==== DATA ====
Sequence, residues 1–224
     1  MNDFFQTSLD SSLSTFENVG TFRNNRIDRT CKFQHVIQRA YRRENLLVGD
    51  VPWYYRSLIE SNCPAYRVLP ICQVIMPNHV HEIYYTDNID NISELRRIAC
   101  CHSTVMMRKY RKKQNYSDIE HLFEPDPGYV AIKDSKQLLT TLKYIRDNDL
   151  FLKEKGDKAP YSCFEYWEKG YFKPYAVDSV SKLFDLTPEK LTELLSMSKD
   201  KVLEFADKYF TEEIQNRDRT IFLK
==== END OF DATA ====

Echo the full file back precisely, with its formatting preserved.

Sequence, residues 1–224
     1  MNDFFQTSLD SSLSTFENVG TFRNNRIDRT CKFQHVIQRA YRRENLLVGD
    51  VPWYYRSLIE SNCPAYRVLP ICQVIMPNHV HEIYYTDNID NISELRRIAC
   101  CHSTVMMRKY RKKQNYSDIE HLFEPDPGYV AIKDSKQLLT TLKYIRDNDL
   151  FLKEKGDKAP YSCFEYWEKG YFKPYAVDSV SKLFDLTPEK LTELLSMSKD
   201  KVLEFADKYF TEEIQNRDRT IFLK